We strive to make our listings accurate, but things change. We recommend you call in advance or visit websites before visiting any restaurant. For updates and special deals, please visit

(423) 499-5435 5450 Hwy. 153 (423) 875-8049 1906 Dayton Blvd. (423) 870-9928 3805 Ringgold Rd. (423) 624-4345 6701 Hwy. 58 (423) 710-8970 Applebee’s 5606 Brainerd Rd. (423) 553-9203 401 Market St. (423) 826-4996 356 Northgate Mall Dr. (423) 875-8353 2342 Shallowford Village Rd. (423) 499-1999 Aretha Frankensteins 518 Tremont St. (423) 265-7685 Back Inn Café 412 E. 2nd St. (423) 265-5033 Bar Louie 2100 Hamilton Place Blvd. (423) 855-4155 Beast + Barrel 16 Frazier Ave. (423) 805-4599 Beef O’Brady’s 5958 Snow Hill Rd. #100 (423) 910-0261 Big Chill & Grill 103 Cherokee Blvd. (423) 267-2445 Big Don’s Bar & Karaoke 306 Cherokee Blvd. (423) 755-0041 Big River Grille 222 Broad St. (423) 267-2739 2020 Hamilton Place Blvd. (423) 553-7723 Bluewater Grille 224 Broad St. (423) 266-4200 Boathouse Rotisserie & Raw Bar 1459 Riverside Dr. (423) 622-0122

Boccaccia Restaurant 3077 S. Broad St. (423) 266-2930 Bonefish Grill 2115 Gunbarrel Rd. (423) 892-3175 Bourbon Street Music Bar 2000 E. 23rd St. (423) 475-5118 Brewhaus 224 Frazier Ave. (423) 531-8490 Bud’s Sports Bar 5751 Brainerd Rd. (423) 499-9878 Buffalo Wild Wings 120 Market St. (423) 634-0468 5744 Hwy. 153 (423) 877-3338 Cancun Restaurant 1809 Broad St. (423) 266-1461 Carrabba’s Italian Grill 2040 Hamilton Place Blvd. (423) 894-9970 Charlie’s Restaurant & Lounge 8504 Dayton Pike (423) 842-9744 Chattanooga Billiards Club 725 Cherry St. (423) 267-7740

THE PULSE • SRPING DRINK GUIDE • MARCH 16, 2017 • CHATTANOOGAPULSE.COM • 27 Chattanooga Billiards Club East 110 Jordan Dr. (423) 499-3883 Chattanooga Brewing Company 1804 Chestnut St. (423) 702-9958 Chili’s 408 Market St. (423) 265-1511, 5637 Brainerd Rd. (423) 855-0376 1921 Gunbarrel Rd. (423) 892-6319 123 Northgate Mall Dr. (423) 877-4344 Christy’s Sports Bar 3469 Brainerd Rd. (423) 702-8137 Clyde’s On Main 122 W. Main St. (423) 362-8335 Community Pie 850 Market St. (423) 486-1743 Conga Latin Food 26 E. Main St.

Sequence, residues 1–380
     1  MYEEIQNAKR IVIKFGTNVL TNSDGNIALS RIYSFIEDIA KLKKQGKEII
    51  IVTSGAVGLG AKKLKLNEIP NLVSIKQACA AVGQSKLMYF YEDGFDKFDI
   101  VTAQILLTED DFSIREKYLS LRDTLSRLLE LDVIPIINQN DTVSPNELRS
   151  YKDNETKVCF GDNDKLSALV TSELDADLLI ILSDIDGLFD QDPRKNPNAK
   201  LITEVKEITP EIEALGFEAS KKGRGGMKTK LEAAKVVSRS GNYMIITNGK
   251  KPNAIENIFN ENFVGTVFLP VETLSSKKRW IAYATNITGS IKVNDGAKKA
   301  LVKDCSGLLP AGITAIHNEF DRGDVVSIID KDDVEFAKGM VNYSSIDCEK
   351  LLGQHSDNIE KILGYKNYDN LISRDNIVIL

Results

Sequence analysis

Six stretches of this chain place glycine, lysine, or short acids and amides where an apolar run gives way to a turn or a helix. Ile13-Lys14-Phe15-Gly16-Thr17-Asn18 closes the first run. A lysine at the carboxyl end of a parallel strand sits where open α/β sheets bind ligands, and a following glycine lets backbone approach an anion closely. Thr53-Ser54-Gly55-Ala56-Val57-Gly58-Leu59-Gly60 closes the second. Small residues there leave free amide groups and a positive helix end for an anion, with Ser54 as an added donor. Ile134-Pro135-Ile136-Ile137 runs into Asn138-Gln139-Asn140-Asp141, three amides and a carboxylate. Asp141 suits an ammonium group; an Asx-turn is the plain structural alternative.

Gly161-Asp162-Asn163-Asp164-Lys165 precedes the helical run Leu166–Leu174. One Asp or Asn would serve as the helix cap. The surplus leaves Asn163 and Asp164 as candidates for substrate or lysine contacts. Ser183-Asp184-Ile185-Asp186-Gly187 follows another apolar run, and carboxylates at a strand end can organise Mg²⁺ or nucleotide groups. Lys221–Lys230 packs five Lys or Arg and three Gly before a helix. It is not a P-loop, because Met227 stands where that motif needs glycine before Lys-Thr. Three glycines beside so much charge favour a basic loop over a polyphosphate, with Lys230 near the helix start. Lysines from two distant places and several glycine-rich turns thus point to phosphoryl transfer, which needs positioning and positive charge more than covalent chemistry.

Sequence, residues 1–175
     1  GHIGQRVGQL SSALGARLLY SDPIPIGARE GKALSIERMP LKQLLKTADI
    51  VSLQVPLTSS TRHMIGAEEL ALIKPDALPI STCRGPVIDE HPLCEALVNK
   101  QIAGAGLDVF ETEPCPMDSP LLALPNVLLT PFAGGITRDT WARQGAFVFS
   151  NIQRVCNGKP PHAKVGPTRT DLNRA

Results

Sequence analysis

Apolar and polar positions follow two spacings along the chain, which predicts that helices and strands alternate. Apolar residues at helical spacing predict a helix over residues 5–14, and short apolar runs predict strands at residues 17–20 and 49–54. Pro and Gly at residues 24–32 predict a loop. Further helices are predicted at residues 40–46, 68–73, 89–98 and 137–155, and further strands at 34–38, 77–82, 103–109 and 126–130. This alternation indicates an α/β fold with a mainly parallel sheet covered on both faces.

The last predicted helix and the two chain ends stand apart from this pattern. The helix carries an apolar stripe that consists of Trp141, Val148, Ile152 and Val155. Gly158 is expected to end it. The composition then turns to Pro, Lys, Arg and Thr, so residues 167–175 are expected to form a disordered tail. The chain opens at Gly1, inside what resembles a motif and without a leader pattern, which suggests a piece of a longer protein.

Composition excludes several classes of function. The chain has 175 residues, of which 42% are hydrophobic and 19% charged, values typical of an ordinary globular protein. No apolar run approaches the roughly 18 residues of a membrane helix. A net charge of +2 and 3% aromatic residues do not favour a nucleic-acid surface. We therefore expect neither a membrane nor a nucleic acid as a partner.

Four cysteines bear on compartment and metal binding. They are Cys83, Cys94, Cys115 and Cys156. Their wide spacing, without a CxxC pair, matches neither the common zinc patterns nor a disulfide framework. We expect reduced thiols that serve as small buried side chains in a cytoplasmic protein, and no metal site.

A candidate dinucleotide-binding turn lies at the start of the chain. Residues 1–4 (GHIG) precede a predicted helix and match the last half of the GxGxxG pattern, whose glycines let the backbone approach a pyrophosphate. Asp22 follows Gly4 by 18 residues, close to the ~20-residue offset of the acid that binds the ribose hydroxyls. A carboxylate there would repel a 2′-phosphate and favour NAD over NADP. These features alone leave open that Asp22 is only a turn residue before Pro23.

(423) 201-4806 Den Sports Bar & Lounge 1200 E. 23rd St. (423) 475-6007 Diamond Billiard Club 3600 Hixson Pike (423) 877-5882 Diamonds & Lace Showbar (Babes Sports Bar) 115 Honest St. (423) 855-1893 Dos Amigos 3208 Amnicola Hwy. (423) 495-1802 Easy Bistro 203 Broad St. (423) 266-1121 El Meson 2204 Hamilton Pl. Blvd. (423) 894-8726 248 Northgate Park (423) 710-1201 Eleven and H20 Bar DoubleTree Hotel 407 Chestnut St. (423) 756-5150 Feed Table & Tavern 201 W. Main St. (423)708-8500

Firebirds Wood Fired Grill 2107 Gunbarrel Rd. (423) 308-1090 Fireside Grille 3018 Cummings Hwy. (423) 821-9898 Five Bar 200 Manufacturer’s Rd. (423) 777-4120 Flying Squirrel Bar 55 Johnson St. (423) 602-5980 Frothy Monkey 1400 Market St. (423) 680-6343 Fuji Japanese Steak & Sushi 2207 Overnite Dr. (423) 892-2899 5437 Hwy. 153 (423) 531-3183 Full Moon American Burger & Bar 61 N. Market St. (423) 521-6666 Gail’s 2555 Harrison Pike


(423) 698-4123 Georgia Winery 6469 Battlefield Pkwy. Ringgold, Ga. (706) 937-9463 Good Dog 34 Frazier Ave. (423) 475-6175 Hair of the Dog Pub 334 Market St. (423) 265-4615 Harley House 3715 Rossville Blvd. (423) 867-7795 Heaven & Ale 304 Cherokee Blvd. (423) 602-8286, 9431 Cambridge Square Ln., Suite 101 Ooltewah, TN Hennen’s Restaurant 193 Chestnut St. (423) 634-5160 Hooters 5912 Brainerd Rd. (423) 499-8668 Ichiban Japanese Steakhouse & Sushi Bar

5621 Brainerd Rd. (423) 892-0404 5035 Hixson Pike (423) 875-0473 5425 Hwy. 153 (423) 875-0404 IL Primo 1100 Hixson Pike (423) 602-5555 I'm Game 110 Jordan Dr. (423) 499-3883 Images Showbar 6005 Lee Hwy. (423) 855-8210 J. Alexander’s 2215 Hamilton Pl. Blvd. (423) 855-5559 J & J Lounge 2208 Glass St. (423) 622-3579 JJ’s Bohemia 231 E. MLK Blvd. (423) 362-5695 Jay’s Bar 1914 Wilder St. (423) 710-2045 Jefferson’s